Follow the edible trail down Pavilion Road. Words by Cally Squires.

 

 

The artisan district of Pavilion Road was formally completed in July with the opening of seafood restaurant and fishmonger The Sea, The Sea.

To mark this milestone, Cadogan has planted an edible trail for residents and visitors to forage and follow.

The trail includes herbs and fruits as well as recipe ideas.

A group of Chelsea Pensioners braved the hottest day of the year in uniform the mark the special occasion in true Chelsea style.

Plants will change seasonally throughout the year. The idea is to inspire people to grow their own at home, whether in a garden, on a balcony or even just on a windowsill.

Head Gardener of the Cadogan Estate, Peter Oates, designed the trail.

He had the growing trend of micro-gardening, and the wellbeing associated with the green fingered hobby, fully in mind.

 

 

Fruits and herbs

Along the trail, you will find heritage plants, such as the Chelsea fig.

You can also see seasonal fruits that thrive in the local climate. These include the Riesling grape vine, blueberries, apples, pears, blackberries and strawberries.

There will be recipe pots which include all the main ingredients required to make something scrumptious like an apple crumble.

You can also find flavoured green tea pots, These include a Camelia Sinensis (tea plant) and other ingredients such as mint and chamomile.

Find herbs and spices to activate the senses.

You can also spot ready-planted pineapples, pomegranate and banana trees.

Map to guide you

Begin at the entrance to the road. Here you’ll find a beautiful hand-painted map, designed by illustrator Claire Spake.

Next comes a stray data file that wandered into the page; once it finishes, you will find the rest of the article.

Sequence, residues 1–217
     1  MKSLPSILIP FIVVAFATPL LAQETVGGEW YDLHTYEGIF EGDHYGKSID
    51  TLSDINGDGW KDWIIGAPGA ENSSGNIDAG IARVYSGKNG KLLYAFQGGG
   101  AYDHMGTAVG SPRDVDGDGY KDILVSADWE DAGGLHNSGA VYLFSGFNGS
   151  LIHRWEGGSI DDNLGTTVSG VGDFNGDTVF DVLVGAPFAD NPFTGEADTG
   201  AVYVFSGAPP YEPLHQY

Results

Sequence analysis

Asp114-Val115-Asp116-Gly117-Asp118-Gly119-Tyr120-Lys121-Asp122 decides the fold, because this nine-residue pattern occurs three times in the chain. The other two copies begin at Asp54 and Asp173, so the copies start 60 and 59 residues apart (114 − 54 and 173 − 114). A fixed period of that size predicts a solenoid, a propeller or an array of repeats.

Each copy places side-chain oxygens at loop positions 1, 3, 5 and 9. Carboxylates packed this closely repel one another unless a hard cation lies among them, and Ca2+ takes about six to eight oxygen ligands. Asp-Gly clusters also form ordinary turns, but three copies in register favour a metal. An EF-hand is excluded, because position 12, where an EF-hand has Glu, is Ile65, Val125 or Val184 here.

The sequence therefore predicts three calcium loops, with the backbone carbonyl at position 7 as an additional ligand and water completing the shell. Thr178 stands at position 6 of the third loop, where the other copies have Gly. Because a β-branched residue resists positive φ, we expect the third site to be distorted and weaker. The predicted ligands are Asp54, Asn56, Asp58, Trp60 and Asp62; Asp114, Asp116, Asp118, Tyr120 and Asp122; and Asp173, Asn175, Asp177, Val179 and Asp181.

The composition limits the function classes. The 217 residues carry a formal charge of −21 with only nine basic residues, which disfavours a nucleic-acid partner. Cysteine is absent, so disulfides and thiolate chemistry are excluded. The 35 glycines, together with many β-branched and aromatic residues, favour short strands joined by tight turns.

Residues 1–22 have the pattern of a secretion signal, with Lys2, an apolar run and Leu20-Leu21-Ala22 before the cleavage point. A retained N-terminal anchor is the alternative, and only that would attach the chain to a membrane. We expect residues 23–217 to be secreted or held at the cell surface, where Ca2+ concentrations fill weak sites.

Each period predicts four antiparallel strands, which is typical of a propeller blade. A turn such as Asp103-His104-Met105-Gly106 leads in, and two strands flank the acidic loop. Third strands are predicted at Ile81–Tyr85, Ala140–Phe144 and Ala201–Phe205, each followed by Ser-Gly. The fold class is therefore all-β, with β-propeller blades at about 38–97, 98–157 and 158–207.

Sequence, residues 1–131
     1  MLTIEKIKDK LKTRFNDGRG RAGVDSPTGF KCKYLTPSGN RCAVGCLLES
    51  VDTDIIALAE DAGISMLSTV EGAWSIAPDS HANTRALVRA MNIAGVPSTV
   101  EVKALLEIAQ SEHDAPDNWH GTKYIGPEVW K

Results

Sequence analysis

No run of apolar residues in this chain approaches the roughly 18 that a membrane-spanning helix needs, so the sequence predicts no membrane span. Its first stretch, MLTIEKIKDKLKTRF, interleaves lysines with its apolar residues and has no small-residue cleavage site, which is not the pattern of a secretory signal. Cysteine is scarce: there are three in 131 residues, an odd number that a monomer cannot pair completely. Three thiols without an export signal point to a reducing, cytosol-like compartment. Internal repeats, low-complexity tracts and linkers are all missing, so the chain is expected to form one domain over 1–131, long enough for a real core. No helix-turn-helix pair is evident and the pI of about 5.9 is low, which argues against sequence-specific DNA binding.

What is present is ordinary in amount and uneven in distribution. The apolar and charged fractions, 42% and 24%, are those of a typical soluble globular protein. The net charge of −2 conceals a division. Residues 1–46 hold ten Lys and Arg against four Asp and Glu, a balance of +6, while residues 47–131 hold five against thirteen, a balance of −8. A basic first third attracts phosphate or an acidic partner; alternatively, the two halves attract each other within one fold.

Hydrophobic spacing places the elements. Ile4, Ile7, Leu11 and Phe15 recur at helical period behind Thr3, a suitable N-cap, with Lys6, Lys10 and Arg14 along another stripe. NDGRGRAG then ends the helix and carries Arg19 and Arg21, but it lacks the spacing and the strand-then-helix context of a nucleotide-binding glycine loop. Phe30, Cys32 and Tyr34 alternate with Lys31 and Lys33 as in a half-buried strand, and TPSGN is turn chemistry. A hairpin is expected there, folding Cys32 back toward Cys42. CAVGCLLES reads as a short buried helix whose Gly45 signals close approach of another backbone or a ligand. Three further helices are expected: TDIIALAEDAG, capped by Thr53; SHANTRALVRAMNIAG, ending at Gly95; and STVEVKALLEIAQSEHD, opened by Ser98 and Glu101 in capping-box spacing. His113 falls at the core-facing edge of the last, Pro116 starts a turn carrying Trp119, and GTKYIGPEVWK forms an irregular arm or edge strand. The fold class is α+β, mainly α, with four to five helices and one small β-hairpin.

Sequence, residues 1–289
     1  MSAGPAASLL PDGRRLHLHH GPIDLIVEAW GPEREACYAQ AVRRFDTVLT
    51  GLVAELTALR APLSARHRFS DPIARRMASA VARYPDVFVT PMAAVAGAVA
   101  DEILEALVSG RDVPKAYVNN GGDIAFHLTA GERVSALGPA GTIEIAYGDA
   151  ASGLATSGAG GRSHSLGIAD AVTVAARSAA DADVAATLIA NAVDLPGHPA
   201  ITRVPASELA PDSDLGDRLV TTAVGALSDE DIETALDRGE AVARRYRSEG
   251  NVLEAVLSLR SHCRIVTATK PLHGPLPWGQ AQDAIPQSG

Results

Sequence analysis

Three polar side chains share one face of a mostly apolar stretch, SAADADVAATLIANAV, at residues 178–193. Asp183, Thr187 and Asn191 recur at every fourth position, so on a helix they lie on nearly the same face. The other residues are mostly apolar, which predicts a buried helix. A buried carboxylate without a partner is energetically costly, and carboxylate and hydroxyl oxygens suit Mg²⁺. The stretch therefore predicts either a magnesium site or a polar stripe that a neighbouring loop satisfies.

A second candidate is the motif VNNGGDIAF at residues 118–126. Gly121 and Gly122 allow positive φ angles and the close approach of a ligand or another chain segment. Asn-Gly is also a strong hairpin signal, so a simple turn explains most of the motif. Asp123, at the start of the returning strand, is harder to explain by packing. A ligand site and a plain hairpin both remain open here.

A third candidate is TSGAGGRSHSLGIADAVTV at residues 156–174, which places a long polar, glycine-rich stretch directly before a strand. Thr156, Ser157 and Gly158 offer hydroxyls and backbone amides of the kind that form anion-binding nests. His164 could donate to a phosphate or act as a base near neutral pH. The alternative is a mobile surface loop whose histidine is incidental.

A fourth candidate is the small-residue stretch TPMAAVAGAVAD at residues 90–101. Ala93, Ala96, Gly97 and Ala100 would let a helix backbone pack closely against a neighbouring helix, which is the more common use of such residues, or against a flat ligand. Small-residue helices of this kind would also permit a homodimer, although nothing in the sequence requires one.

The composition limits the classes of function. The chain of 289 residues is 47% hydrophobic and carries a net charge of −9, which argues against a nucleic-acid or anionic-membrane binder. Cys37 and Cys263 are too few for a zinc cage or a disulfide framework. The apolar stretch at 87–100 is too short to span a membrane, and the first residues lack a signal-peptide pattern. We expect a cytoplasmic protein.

Each planter you come across will house a brass plaque. It will be etched with a QR code which, when scanned by a smartphone, will present information, recipes and gardening tips.

With the environment in mind, the trail uses peat-free compost, sustainable plant feed in the form of mulch and absolutely no plastic pots.

Plus the compost used for the fruit is made from wool and bracken.

Even the water supply that is used to hydrate the various plants is taken from tanks that collect rain water under the road.

 

To book a tour with Peter, or attend a workshop or tasting on the road, visit the edible trail website.

 

This article was originally published in Sloane Square magazine which you can read here.

For other stories about the Chelsea and Kensington areas, visit our website.

You may like to read Green Eileen about how King’s Road fashion house Eileen Fisher has always put the environment first.

Or read Food Revolution about how the man behind Chelsea-based greengrocer Natoora is shaking up the food system.